Thoroughly clean your cukes by soaking them and scrubbing them with a stout veggie brush–you don’t want any grit in your pickles. NO NOT trim the ends as I did here–some got mushy. This is the first time I’ve done that, and they’ve never gotten mushy before. I would just discard (or juice) any that have blemishes also, as opposed to doing any trimming.  The fresher your cucumbers, the better. I always opt for organic, local cukes.

Prep your dill, peppers, and garlic. I include both dill leaves and seeds, tossing out the stems.
Loading the Jars

I load my jars starting with the dill in the bottom, divided evenly between them. Then I add the garlic cloves and peppercorns, and whatever other spices you might decide to try. I like to distribute the peppers kind’ve intermingled with the cukes–although often they have a mind of their own and won’t stay where I put ’em, so it probably doesn’t matter. Leave some space above the top of your cukes so that the brine will be able to completely cover the veggies, while leaving a bit of airspace.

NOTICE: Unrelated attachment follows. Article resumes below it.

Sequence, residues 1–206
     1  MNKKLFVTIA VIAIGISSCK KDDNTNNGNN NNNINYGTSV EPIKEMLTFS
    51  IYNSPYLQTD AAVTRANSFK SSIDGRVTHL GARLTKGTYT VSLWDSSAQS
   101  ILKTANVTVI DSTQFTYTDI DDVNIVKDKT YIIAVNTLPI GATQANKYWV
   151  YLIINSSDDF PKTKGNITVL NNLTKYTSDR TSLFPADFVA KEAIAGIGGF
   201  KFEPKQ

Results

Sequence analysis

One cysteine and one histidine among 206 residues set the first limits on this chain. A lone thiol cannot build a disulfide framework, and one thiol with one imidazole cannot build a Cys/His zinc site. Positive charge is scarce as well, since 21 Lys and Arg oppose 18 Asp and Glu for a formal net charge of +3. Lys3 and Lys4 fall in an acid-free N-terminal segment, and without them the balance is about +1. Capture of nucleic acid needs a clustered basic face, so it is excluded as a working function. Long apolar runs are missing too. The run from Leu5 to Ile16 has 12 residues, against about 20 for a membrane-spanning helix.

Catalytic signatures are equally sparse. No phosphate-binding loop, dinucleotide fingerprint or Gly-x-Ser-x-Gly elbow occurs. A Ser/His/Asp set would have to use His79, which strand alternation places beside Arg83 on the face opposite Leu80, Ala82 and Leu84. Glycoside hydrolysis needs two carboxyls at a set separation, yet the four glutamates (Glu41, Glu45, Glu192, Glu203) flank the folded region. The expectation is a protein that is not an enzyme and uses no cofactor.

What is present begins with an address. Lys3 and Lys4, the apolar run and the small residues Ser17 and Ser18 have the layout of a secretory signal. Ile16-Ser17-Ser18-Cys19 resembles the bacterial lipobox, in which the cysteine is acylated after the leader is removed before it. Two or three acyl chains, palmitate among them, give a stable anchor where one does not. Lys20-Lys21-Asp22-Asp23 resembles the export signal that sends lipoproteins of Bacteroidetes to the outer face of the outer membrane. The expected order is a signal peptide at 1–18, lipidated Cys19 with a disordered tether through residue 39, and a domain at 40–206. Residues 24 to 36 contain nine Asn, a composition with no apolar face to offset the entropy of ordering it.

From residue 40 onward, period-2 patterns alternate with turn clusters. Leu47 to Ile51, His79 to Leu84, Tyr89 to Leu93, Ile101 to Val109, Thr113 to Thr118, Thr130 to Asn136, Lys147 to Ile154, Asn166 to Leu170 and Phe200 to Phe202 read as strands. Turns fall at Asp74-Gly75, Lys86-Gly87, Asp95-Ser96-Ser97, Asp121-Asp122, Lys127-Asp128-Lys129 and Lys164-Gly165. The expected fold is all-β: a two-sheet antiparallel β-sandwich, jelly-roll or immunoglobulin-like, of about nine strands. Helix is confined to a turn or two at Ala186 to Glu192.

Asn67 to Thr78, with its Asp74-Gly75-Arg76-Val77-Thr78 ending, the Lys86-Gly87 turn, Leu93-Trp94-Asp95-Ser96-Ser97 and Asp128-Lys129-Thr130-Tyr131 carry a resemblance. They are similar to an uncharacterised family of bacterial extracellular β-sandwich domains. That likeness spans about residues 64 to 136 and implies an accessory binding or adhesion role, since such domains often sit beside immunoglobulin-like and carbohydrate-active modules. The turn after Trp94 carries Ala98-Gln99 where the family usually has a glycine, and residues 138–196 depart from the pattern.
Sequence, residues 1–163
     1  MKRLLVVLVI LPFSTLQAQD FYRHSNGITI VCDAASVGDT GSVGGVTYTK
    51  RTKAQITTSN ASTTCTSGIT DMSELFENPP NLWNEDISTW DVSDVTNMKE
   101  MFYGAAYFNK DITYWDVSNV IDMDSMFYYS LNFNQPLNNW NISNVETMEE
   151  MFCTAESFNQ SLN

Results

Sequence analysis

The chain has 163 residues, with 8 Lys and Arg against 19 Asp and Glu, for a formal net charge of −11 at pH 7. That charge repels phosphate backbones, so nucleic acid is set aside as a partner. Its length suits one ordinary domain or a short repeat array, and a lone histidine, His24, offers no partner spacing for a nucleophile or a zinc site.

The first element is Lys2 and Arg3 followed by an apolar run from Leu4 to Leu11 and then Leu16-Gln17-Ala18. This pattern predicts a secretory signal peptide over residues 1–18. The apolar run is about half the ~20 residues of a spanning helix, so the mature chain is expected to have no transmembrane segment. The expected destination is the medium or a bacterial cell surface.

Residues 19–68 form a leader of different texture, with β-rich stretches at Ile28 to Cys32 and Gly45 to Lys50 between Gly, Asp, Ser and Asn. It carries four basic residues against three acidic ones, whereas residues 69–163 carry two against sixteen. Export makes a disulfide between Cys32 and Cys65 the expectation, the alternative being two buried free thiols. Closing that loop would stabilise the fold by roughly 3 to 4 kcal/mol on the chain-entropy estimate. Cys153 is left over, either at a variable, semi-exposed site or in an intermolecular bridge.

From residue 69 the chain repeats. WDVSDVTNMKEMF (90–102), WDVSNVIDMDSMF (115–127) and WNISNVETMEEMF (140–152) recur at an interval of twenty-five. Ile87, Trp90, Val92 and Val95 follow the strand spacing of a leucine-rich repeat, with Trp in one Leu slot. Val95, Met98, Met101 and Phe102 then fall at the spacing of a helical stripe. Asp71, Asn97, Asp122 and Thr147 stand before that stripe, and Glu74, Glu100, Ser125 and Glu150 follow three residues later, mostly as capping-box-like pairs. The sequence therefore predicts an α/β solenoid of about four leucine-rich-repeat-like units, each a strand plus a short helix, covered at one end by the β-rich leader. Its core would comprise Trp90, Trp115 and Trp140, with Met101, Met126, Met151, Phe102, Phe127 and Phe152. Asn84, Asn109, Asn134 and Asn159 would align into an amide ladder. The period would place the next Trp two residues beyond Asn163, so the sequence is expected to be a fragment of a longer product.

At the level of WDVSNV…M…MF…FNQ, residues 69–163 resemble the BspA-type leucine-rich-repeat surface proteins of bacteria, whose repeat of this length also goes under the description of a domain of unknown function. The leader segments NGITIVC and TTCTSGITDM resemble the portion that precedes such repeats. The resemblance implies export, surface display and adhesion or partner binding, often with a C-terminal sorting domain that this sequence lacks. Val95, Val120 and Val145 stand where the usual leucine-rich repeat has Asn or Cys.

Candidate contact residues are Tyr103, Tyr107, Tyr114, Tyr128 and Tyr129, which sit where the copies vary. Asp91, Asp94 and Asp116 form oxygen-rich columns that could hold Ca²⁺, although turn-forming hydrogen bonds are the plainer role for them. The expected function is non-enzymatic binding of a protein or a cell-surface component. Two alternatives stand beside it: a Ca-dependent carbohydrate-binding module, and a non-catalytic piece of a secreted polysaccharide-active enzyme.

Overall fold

Culture and Sea Salt Brine

The next step is dissolving your salt and culture in your filtered water. I use Kinetic Culture because I’m going for high vitamin K2 production, in addition to flavor. I’ve calculated the amount of culture I need to be about one teaspoon, for this recipe. Just follow the directions that came with whatever culture you’ve chosen. 
Although you don’t have to use salt when you use a culture, I believe it really improves the flavor profile, with the additional benefits of the trace minerals naturally present in Himalayan sea salt. I prefer about 20 grams of salt per quart of water for a pickle brine, which means 80 grams of salt for this recipe.